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    Western Hill Forge Active Member

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    It'll work for the feet, probably not for most of the people - unless it rains the night before.

    Regards
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    Yosemite Gary Pfeiffer

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    I have not posted here because I lost track when the old site got attacked. I finally found you all.

    I'd like the owners to soak the feet before I get there, but save the warm water for my feet when I get done.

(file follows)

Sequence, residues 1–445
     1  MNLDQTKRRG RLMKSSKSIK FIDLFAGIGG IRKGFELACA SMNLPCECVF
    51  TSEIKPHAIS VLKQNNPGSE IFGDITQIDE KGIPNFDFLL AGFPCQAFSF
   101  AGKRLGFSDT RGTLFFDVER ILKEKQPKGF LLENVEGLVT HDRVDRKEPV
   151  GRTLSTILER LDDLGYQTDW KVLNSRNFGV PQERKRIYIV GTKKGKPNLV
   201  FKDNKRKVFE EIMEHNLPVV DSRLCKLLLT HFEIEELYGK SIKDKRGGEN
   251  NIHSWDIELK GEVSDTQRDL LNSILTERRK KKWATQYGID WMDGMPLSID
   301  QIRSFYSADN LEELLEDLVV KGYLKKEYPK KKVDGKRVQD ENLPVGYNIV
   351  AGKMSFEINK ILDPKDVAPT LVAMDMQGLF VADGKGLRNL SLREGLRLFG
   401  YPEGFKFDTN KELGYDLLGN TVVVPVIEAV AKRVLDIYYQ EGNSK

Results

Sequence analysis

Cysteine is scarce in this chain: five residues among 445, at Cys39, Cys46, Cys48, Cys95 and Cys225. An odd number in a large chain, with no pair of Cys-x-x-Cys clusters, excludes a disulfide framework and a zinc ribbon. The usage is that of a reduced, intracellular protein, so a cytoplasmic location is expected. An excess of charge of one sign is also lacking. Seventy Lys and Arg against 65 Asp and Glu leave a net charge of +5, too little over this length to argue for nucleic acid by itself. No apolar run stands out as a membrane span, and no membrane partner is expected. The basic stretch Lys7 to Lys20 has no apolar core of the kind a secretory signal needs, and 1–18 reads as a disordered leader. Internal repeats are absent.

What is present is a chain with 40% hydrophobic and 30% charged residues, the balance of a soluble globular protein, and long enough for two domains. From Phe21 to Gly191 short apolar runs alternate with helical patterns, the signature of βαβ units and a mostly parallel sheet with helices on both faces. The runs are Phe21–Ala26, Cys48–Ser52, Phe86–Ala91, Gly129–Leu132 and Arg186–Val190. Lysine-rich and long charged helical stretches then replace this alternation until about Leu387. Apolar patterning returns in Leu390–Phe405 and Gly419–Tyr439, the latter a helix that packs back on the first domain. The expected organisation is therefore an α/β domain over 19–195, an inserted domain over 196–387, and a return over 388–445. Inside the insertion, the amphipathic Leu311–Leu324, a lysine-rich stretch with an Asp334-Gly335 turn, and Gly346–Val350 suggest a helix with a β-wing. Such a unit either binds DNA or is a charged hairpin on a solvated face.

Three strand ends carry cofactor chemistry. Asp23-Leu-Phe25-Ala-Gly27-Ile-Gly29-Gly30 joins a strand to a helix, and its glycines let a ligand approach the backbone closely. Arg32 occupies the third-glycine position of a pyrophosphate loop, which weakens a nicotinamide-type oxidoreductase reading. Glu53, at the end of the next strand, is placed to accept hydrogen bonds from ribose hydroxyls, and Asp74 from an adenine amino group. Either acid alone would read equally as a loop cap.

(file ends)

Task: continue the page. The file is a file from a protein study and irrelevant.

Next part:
I've been slowing down since I turned 60 a couple of years ago, but my clients have never argued about prices in the 38 years I've been shoeing. When my prices go up ....most say " I was wondering when you'd raise your prices...You are worth every penny."

    I sure like hearing that. I'm in SE Wisconsin and I'm at trims $45, and as full set is $120 keg shoes. I know many are a little higher than me right now, but I'm happy with what I charge.

    Gary